Success helps jockeys and trainers sharpen their tactics for future horse races.
Winning streaks can boost their confidence about a horse’s ability or potential, even if they don’t necessarily consider the results of one race to be of paramount importance in preparation for what’s next on the racing calendar.
In the run-up to the 2022 Tenno Sho (Spring), to be held on Sunday, May 1 at Hanshin Racecourse, there’s plenty of chatter in Japanese racing circles about T O Royal’s current four-race winning streak, which is tops among the 18 entrants for the annual extravaganza. It’s a 3,200-meter test of speed and endurance.
The Japan Racing Association keeps the race’s name in the public spotlight twice a year. The Tenno Sho (Autumn), the 2,000-meter first leg of the autumn Japanese Triple Crown, is held at Tokyo Racecourse in late October.
Jockey Yuji Hishida steered T O Royal to victory twice last October: over 2,200 meters at Chukyo Racecourse, then 2,400 in the Hyogo Tokubetsu at Hanshin Racecourse. Then again in November in the Amagasaki Stakes, another 2,400-meter race at Hanshin. And finally into the winner’s circle at the Grade 3 Diamond Stakes, over 3,400 meters, on February 19 at Tokyo Racecourse.
In achieving his latest victory, T O Royal’s race was exactly 1,000 meters longer than any of his previous races. It demonstrated his ability to compete at longer distances, although the overall quality of competition in a G3 race is, of course, different than in G1 events.
Inao Okada, T O Royal’s trainer, believes the 4-year-old bay colt is hitting his stride as the Tenno Sho approaches.
“He had always been built rather slightly and was somewhat delicate, but for his last race, he’d put on muscle and was lean,” Okada said recently, according to the Japan Racing Association. “I had always thought that from his build, he would be good over longer distances and he has gotten stronger with each race.”
There’s plenty of intrigue and buzz about some of the other thoroughbreds set to compete for the top prize of ¥200 million JPY (about $1.74 million USD).
Exhibit A: Deep Bond, the 2021 Tenno Sho (Spring) runner-up.
Over his past five starts, Deep Bond has collected a pair of victories: the Qatar Prix Foy in Paris in September 2021, a 2,400-meter, international G2 jaunt, and the 3,000-meter G2 Hanshin Daishoten on March 20. Ryuji Wada handled the reins in both victories, while also leading Deep Bond to second place in last spring’s Tenno Sho and again at the Arima Kinen (The Grand Prix) on December 26, 2021.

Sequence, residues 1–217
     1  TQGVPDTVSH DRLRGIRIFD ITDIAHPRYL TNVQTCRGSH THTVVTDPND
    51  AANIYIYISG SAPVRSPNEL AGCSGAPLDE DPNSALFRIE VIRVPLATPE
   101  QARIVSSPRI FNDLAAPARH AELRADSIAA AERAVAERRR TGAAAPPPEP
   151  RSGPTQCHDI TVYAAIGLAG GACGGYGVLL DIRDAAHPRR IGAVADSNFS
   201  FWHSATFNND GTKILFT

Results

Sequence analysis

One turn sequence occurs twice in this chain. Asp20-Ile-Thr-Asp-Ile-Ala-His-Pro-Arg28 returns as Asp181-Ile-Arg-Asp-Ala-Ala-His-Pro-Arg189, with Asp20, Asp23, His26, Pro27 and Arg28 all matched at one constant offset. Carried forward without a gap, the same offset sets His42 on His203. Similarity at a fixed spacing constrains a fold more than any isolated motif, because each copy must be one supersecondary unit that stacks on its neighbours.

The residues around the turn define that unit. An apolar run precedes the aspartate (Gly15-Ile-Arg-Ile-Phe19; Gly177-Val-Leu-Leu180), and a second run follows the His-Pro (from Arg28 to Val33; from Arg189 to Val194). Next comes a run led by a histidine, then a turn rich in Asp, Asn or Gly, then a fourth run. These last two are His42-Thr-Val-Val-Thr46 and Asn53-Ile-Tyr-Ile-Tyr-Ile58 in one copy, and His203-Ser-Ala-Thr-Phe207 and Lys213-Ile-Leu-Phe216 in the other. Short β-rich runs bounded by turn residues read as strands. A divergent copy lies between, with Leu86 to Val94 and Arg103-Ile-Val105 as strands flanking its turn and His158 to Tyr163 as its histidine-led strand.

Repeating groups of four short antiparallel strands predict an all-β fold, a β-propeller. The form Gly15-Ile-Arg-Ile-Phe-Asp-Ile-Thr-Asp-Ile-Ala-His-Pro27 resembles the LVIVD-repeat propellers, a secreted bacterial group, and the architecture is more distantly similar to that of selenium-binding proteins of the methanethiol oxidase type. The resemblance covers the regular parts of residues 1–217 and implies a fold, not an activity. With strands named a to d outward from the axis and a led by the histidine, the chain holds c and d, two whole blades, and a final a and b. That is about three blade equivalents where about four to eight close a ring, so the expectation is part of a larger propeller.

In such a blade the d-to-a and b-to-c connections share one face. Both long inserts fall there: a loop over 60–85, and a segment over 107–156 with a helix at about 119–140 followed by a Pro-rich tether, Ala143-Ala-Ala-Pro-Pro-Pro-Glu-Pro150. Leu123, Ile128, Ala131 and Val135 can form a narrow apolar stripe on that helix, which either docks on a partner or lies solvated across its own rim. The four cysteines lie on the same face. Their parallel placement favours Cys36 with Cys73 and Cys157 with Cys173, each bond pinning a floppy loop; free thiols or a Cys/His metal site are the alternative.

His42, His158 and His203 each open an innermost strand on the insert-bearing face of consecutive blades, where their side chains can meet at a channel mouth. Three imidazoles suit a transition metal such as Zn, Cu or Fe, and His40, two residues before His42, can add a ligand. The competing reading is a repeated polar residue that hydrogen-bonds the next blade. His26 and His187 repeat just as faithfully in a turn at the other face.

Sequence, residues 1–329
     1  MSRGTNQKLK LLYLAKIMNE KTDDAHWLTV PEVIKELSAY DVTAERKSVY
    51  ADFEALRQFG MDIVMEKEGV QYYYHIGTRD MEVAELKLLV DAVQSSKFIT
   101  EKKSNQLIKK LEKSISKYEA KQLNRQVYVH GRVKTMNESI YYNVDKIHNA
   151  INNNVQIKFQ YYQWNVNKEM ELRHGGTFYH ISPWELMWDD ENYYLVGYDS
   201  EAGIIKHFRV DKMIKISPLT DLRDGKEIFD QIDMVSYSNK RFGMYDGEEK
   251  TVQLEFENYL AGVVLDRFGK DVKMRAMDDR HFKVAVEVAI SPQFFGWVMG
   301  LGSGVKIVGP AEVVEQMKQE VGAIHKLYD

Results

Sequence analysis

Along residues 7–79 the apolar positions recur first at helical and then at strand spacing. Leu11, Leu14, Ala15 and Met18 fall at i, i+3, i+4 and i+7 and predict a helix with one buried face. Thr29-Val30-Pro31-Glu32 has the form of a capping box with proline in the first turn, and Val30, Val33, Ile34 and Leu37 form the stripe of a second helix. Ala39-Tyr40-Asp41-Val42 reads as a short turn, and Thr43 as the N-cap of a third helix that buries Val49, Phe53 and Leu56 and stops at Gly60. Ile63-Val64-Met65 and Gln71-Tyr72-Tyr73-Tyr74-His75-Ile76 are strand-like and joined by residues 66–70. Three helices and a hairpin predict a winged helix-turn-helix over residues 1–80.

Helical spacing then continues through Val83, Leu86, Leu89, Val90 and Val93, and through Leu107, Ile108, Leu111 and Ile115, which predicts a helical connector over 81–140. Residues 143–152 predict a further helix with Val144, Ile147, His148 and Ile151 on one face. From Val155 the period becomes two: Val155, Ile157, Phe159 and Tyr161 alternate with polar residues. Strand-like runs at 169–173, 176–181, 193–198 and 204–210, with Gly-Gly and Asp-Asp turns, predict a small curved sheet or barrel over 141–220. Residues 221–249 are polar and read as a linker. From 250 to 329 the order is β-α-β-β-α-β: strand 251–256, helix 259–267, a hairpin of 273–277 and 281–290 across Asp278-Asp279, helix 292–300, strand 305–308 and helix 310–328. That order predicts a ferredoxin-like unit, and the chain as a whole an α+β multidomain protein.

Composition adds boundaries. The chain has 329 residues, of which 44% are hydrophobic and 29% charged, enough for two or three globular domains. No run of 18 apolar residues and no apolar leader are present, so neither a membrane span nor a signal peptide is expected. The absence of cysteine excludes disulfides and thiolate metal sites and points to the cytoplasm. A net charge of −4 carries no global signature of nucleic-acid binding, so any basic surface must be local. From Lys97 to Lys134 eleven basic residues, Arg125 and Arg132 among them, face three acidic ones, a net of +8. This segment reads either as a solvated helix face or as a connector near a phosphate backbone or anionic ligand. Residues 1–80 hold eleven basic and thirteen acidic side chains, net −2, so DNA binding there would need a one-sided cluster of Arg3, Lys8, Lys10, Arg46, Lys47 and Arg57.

Deep Bond is poised to be one of the top contenders for the second straight spring at the Tenno Sho.
Just ask Ryuji Okubo, his trainer.
“He is much more mature now,” Okubo said of the 5-year-old. “If he can just get a normal trip, he should get good results.”
Titleholder Chasing History
Winner of the 2021 Kikuka Sho (Japanese St. Leger) last October, Titleholder could join an elite fraternity with a victory on Sunday.
Only four other horses (Gold Ship, Kitasan Black, Fierement and World Premiere) have won the Kikuko Sho, then triumphed in the Tenno Sho.
Jockey Kazuo Yokoyama is encouraged by Titleholder’s preparations for the Tenno Sho, citing “dramatic improvement” in recent days.
Titleholder and Yokoyama teamed up for a win in their last race together, the Nikkei Sho (G2, 2,500 meters) at Nakayama Racecourse in Funabashi, Chiba Prefecture, on March 26.
Another horse to keep an eye on is Heat on Beat ― and not only because of his poetic name.
The King Kamehameha-sired colt owns 14 top-three finishes in 18 career starts. That includes back-to-back third-place finishes in his last two races, the Nikkei Sho, only 0.1 seconds behind Titleholder, and the Nikkan Sports Sho Nakayama Kimpai (G3, 2,000 meters) on January 5 in Funabashi.
Credit trainer Yasuo Tomomichi for implementing successful plans for the 5-year-old stallion over the years.
Other Notable Names
Veteran jockey Yuga Kawada’s Silver Sonic appears to be a likely contender to finish near the front of the pack.
After all, the 6-year-old son of Orfevre, the 2011 Japanese Horse of the Year, has a trio of third-place finishes in his last three races, including the Hanshin Daishoten.
Iron Barows, another Orfevre progeny, has a track record of strong finishes of late, including consecutive runner-up finishes at the Sports Nippon Sho Stayers Stakes (G2, 3,600 meters) at Nakayama Racecourse last December and the Hanshin Daishoten. Shu Ishibashi teamed up with the 5-year-old bay colt both times.
Iron Barows’ recent second-place results confirm that owner Hirotsugu Inokuma and trainer Hiroyuki Uemura’s plan for him is on the right path.
“The competition is strong, but this one’s heart and lungs are also strong. He won’t be lacking for stamina,” the trainer stated.
Melody Lane, the lone mare in the field of 18, is Titleholder’s half-sister (Mowen is their mother). A win by Melody Lane would be the first Tenno Sho (Spring) triumph by a mare in 69 years.
The Korn Kobblers, an American novelty act, recorded Horses Don’t Bet on People in 1945. The ditty begins this way: “Horses don’t bet on people. Horses have too much sense.”
For centuries, people have enjoyed the excitement of horse racing, with or without wagering on thoroughbreds.
The same will be true on Sunday, including for those rooting for the other horses in the field that I didn’t mention yet. Their names are Machaon d’Or, Tagano Diamante, Divine Force, Crescendo Love, Hayayakko, Heart’s Histoire, Meiner Fanrong, Robertson Quay (two wins in his last five starts), Tosen Cambina, Valcos and You Can Smile.
Author: Ed Odeven